Shirley Wakefield asked about the drive.  She is still concerned with the density of the piece of property.  She says the high and dry land that is being developed is very little.  She asked if there was a possibility of having only one (1) building rather than two (2), that it would eliminate some of the density.  It would relieve some of the pressure on the septic system and the problem with widening on the road.


Mr. Brouillet says that that could be discussed with his client, but to keep in mind that there is 9.8 acres and of that there is 1-½ acres of wetland.  In terms of wetlands, that leaves over 8 acres – he does not see the problem of density.  Mr. Brouillet spoke of the density nearest the pond and argued that his client has the right to develop his land.  Mr. Yarmo said we are not doomed to repeat the mistakes of the past and that it is not a healthy situation around the pond.


Holly Saurman, Scenic View Drive.  She would like the record to reflect that this is not a road, that it is a driveway, that it meets all the current zoning under the guidelines of the town of Pelham for senior housing, and that there is a need for elderly housing.  She asked if the Conservation members if they had read the impact study from cover to cover before they came to the meeting tonight.  Mrs. Saurman noted that Mr. Gagnon and Mrs. Wakefield had stepped down and questioned the remainder of the members sitting whether anyone else was or have ever been a member of the Little Island Pond Association.  The answer was no.


BACK TO THE BOARD: Mr. Yarmo asked members if they wanted to reconsider the letter that had been sent to the Planning Board and whether or not to consider a conservation easement or deed restriction on the back portion or to be the steward of this area.  Member Deborah Scott referred to page 62 of the report that states that half of the parcel would be impacted during construction.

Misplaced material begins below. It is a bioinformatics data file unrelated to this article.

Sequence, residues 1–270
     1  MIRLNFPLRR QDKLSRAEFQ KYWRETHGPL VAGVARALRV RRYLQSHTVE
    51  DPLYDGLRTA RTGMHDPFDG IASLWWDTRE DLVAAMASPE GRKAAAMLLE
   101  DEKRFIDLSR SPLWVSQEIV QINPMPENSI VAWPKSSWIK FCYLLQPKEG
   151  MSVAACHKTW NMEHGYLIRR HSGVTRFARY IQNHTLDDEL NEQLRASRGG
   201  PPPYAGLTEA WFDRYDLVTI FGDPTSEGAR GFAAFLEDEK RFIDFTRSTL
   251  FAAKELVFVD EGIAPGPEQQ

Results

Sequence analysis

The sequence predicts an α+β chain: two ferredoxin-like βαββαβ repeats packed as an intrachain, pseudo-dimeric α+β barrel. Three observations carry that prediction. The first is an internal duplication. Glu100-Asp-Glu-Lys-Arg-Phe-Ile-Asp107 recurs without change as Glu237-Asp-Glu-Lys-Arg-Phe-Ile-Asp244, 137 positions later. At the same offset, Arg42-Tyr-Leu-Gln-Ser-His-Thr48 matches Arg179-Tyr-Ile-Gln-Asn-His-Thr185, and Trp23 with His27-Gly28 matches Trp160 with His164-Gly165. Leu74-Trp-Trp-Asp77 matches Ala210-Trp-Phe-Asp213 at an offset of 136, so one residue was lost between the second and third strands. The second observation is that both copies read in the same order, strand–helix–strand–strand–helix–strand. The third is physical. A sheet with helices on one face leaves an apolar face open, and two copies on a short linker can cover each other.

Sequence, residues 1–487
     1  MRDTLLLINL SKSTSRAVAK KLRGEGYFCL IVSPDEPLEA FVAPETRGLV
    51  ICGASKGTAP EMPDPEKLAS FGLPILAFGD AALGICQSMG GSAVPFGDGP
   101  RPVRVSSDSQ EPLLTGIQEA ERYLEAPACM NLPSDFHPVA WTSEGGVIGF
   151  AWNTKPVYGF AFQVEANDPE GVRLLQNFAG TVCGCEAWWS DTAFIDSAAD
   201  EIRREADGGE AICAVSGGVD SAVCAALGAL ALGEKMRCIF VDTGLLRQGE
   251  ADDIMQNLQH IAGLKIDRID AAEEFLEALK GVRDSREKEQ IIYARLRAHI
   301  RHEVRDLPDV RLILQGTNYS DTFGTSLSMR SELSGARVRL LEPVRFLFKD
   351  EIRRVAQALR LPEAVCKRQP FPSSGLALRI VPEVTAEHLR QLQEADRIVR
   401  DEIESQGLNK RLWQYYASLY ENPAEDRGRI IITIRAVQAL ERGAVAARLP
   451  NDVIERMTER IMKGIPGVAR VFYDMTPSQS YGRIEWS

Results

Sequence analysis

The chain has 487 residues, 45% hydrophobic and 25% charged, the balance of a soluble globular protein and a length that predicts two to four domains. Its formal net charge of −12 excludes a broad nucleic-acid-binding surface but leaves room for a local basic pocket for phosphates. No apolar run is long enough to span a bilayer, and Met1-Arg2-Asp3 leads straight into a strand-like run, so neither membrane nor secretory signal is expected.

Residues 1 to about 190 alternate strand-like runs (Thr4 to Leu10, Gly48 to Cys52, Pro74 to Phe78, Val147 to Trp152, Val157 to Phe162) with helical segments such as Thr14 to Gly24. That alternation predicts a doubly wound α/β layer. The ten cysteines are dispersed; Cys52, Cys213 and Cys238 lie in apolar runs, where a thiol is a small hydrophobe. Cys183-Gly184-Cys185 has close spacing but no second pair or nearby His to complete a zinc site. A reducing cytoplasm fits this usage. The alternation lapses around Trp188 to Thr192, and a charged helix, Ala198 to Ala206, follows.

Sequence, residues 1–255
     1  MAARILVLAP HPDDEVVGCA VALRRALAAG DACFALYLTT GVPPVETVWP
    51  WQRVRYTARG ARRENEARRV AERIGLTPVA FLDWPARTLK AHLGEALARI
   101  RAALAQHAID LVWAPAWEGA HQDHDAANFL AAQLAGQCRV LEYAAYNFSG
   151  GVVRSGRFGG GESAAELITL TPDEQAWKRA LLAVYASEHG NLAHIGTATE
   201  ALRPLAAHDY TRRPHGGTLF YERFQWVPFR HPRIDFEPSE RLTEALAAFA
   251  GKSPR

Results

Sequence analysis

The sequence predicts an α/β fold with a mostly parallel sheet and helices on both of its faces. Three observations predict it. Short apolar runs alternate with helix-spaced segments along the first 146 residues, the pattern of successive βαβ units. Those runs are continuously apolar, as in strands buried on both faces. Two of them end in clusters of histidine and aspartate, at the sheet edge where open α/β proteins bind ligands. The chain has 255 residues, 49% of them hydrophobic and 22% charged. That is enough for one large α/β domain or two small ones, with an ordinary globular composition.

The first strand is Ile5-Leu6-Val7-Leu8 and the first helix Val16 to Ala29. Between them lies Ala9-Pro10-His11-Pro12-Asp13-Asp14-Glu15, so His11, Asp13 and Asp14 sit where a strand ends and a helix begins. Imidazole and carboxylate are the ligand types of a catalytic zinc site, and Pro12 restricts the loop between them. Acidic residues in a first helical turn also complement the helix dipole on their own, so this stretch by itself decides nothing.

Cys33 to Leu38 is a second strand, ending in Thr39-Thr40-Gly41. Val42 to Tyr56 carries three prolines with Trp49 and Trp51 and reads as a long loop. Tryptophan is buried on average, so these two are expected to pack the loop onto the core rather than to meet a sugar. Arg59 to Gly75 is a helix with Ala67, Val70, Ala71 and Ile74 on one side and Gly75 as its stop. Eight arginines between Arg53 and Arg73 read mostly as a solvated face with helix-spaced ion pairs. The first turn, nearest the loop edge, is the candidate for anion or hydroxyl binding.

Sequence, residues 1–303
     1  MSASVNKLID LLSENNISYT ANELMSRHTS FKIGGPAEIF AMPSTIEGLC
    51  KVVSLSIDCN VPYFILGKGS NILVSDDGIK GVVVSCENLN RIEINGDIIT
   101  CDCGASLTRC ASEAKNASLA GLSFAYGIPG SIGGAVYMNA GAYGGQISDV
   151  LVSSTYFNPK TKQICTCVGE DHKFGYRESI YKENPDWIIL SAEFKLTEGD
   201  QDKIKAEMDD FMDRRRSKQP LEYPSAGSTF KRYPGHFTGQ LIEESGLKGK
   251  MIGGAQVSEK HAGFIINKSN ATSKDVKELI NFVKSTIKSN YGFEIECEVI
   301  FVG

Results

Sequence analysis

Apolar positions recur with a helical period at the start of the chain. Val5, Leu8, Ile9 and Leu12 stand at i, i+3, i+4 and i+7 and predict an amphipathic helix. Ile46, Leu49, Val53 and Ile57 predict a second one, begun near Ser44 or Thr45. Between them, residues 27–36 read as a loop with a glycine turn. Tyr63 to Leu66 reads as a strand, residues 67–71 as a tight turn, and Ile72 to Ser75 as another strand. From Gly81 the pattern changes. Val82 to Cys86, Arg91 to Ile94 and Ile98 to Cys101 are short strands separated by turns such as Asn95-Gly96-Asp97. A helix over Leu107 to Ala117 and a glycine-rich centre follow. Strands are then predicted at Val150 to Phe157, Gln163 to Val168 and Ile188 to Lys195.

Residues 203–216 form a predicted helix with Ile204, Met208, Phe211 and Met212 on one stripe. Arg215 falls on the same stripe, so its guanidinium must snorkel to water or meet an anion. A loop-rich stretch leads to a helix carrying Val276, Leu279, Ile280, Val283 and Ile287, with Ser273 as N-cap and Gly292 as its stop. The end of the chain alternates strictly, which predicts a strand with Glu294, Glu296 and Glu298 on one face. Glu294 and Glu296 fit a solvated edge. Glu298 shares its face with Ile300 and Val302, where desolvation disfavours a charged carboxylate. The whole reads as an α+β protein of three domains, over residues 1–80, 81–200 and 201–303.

Member Marc Duquette had questions about no cutting, landscaping and whether this was a revised drawing and how are we sure that this is the map.  Mr. Brouillet says the plan being shown has already been submitted to the town.  Jim Gove says what’s being suggested is a condition that approval and construction and are different than what you typically see on other subdivisions.  Mr. Gove said our client is prepared to stake, flag and maintain in the field all through construction and that the area of concern never gets disturbed.  This is different than merely saying no cutting inside the WCD says Mr. Gove.  Mr. Yarmo said Conservation is concerned about the WCD, the road impact, but the wetland is only as good as the buffer around it.  He referred to page 65 of the impact assessment and said it is recommended that there be a 100-ft buffer.  Mr. Gove responded by saying there are several areas that have been met with the 100-ft buffer.  Mr. Brouillet says the curved roadway will eliminate sheets of storm water that collects on the roadway from going into the wetlands by going into the treatment swale.  Mr. Yarmo says that treatment swales do not work very well in the winter.